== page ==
Wednesday, January 15, 2014

Laz Roitshvant's Russia

Ilya Ehrenburg published his rollicking satire, The Storm Life of Laz Roitshvantz, in 1928.  The novel, st in the Russia, Poland, Britain, Italy, and France, serves as a useful antidote to biographies and histories of Europe in the period, and the Soviet Union in particular.  What did Soviet intellectuals know about their society a decade after the October Revolution?  If Joshua Rubenstein's meticulously-researched biography, Tangled Loyalties: The Life and Times of Ilya Ehrenburg, is any guide, even ostensibly loyal Soviet intellectuals were often deeply unsettled by the Soviet experiment.  But perhaps Rubenstein's book doesn't go far enough.  If you read Ehrenburg's prose, you get a devastating if satirical portrait of a delusional police state bent on the intrusive subjugation of its monitored, overregulated, and distrusted citizens.  Of course, The Stormy Life was written and published prior to Collectivization and the Great Terror, but Ehrenburg's portrait of Russia at the end of the New Economic Policy is already deeply pessimistic about the world's first experiment in socialist government.  Ehrenburg's Russia is a land of censorship, propaganda, suspicion, surveillance, bigotry, and empty ideological jargon.  The protagonist, an apolitical Jew, butts up against the state with darkly comic results.

Laz Roitshvantz's tragedy is that he has somehow remained human in an utterly inhuman environment. Roitshvantz's individualism crashes repeatedly against the rock of Soviet totalitarianism.  Time and again, Roitshvantz is confronted by inhumane Soviet officials, institutions, and ideological assumptions.  Soviet officials are depicted as cruel, anti-Semitic obscurantists.  Soviet institutions are portrayed as irrational, unnatural, and inefficient, but also impersonal if not diabolical.  Worst of all, Soviet ideology hampers Soviet citizens from living productive or happy lives.  Ehrenburg's Russia sometimes seems to move from traditional satire toward dystopian science fiction.  Although filled with jokes, Laz Roitshvantz's adventures in the Soviet Union show that Soviet citizens routinely suffered from Soviet assumptions about good government.  For Ehrenburg in the 1920s, Bolshevik ideology was, paradoxically, both crassly materialistic, and absurdly Utopian.  The Soviet creed was seemingly tailor-made  to undermine the human spirit. Dostoyevsky once said that if God did not exist, everything would be permitted.  Similarly, Ehrenburg seems to be arguing that Marxism as a faith permits everything, including class prejudice, censorship, empty ritualism, arbitrary justice, arcane and scholastic ideological debates, Party bureaucracy, and meaningless sloganeering.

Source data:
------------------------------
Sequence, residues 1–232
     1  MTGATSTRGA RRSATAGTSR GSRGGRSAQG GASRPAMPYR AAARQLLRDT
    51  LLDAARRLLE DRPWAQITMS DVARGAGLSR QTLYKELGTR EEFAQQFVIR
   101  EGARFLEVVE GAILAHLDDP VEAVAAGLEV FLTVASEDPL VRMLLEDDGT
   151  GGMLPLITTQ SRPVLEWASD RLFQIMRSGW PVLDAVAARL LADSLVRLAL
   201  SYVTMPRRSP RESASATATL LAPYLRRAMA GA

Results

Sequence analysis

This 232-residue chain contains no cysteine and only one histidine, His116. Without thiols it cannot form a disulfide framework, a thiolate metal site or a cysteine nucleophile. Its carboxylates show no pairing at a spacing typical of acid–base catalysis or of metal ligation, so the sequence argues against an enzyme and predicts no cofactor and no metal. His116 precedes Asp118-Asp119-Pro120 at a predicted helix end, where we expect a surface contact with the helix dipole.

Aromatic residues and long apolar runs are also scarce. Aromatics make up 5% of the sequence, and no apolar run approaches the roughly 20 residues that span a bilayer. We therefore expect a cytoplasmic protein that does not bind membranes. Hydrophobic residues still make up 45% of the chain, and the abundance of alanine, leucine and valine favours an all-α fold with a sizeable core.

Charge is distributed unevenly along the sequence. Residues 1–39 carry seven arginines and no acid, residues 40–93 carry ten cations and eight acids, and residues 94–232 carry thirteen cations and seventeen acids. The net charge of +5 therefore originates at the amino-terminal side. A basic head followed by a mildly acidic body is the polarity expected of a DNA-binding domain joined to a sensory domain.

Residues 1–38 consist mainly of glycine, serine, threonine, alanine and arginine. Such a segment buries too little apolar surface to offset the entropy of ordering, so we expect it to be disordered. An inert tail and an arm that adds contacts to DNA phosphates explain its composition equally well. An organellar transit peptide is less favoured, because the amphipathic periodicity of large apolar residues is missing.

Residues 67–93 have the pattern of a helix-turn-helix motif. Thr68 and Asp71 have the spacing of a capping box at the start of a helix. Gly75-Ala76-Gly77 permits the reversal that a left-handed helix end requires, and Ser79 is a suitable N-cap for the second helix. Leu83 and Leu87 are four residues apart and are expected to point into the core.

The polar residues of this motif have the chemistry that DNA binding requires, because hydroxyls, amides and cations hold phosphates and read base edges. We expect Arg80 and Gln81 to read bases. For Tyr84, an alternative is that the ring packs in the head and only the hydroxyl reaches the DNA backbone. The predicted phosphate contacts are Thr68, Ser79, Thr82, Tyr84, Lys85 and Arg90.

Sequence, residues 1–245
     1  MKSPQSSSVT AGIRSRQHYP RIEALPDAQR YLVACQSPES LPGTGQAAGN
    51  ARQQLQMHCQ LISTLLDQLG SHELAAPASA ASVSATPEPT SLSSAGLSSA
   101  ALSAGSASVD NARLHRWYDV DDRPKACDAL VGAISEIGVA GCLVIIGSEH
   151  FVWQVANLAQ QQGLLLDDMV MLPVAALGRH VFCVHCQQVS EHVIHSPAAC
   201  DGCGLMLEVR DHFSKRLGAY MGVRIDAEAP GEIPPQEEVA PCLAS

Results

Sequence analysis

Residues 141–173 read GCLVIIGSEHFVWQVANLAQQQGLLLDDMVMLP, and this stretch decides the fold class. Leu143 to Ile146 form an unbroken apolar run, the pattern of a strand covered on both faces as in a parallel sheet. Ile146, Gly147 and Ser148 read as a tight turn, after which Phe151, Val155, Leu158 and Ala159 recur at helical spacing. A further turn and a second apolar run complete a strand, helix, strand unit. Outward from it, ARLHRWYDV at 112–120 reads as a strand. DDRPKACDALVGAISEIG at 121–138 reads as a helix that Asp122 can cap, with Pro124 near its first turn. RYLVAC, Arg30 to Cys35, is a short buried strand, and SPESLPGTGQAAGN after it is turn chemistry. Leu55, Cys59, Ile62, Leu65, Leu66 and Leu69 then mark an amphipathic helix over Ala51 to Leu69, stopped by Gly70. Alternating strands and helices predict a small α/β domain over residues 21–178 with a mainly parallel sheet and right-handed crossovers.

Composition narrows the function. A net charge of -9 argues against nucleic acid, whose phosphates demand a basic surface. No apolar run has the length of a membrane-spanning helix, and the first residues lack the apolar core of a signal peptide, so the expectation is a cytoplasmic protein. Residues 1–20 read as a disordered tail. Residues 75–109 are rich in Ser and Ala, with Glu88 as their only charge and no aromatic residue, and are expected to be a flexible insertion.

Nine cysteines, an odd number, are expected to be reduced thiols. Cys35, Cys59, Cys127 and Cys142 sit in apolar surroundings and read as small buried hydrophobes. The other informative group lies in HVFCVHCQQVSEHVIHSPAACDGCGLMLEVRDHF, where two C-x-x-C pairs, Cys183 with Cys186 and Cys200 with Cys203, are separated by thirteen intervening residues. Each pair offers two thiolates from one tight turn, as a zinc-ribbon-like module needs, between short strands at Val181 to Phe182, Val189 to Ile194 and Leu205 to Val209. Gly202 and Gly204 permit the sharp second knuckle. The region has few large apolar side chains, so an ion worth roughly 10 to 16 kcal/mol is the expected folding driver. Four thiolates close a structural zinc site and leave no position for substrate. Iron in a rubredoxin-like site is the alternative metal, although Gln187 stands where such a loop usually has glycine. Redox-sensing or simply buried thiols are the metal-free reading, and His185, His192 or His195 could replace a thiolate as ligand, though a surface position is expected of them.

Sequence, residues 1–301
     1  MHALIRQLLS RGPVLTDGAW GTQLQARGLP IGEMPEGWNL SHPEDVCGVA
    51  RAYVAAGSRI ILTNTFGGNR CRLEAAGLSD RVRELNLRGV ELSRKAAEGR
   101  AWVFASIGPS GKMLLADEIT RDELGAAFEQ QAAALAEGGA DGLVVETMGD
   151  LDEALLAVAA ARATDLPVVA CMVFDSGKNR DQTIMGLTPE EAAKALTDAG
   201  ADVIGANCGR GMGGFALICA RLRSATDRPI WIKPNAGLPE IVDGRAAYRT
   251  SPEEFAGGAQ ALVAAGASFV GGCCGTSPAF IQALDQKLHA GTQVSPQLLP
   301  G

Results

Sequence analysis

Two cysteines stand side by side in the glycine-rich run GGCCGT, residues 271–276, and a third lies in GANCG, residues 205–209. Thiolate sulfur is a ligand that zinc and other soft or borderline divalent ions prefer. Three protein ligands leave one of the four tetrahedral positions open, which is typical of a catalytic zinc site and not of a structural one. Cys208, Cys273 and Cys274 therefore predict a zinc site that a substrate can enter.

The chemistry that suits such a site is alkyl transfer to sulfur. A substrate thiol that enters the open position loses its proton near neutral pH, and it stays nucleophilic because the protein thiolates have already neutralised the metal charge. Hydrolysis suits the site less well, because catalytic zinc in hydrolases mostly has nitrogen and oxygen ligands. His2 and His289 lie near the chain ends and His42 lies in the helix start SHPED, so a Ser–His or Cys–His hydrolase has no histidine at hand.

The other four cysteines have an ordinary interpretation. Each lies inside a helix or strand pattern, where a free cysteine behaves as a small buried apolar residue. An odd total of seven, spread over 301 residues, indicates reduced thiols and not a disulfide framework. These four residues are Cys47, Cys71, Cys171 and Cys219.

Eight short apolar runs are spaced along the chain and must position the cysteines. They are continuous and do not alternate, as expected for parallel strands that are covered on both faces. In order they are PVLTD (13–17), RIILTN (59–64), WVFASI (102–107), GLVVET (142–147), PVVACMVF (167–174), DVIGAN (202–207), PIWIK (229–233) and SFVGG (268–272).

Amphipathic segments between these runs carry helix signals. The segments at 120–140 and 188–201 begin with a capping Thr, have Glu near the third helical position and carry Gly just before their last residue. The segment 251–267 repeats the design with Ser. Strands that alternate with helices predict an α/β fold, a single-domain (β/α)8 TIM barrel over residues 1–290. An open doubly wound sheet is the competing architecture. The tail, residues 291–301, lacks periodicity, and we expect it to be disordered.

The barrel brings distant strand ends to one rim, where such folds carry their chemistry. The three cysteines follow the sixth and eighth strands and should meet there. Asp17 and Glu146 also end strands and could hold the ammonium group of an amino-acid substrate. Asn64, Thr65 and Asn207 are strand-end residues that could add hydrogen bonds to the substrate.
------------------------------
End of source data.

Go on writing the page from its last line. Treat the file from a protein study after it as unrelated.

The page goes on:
Roitshvantz's humanity ultimately lands him in jail. His run-in with Soviet authorities is of course predicated on a satire which is at least partly softened by extending the ridicule to a number of other countries, including Germany, France, Italy, and to some extent, America.  Ehrenburg's barbs against the Soviet Union are also mitigated by attacks on the White Russian diaspora, which is portrayed as insular, militaristic, archaic, and vengeful.  Ehrenburg's critique of Soviet life is also set against a larger critique of European civilization as a whole.  For Ehrenburg sees Soviet anti-Semitism as a variation on a common European theme.  If the Soviet Russians and Ukrainians are anti-Semitic, so too are the Poles, Germans, Exiled Russians, and French. Ehrenburg's decision to compare Judaism with Marxism is also intriguing.  If the Jews continued to faithfully practice a set of empty rituals, weren't the communists guilty of doing exactly the same thing?  When all was said and done, Eherenburg didn't see the difference between the Talmud and Bukharin's ABC of Communism.

The Stormy Life of Laz Roitshvantz is a wonderfully witty book and deserves a wider readership. Although the book sometimes can sometimes stray from satire to didacticism, its central comedy of adventure reminds one of Saul Bellow.  When Laz Roitshvantz tries to sell his share of the communist utopia, it also demonstrates kinship with Gogol's Dead Souls.  Alas, Laz's adventures really reveals that interwar European intellectuals were able to forsee a future which was far darker than anything even Gogol could have imagined.

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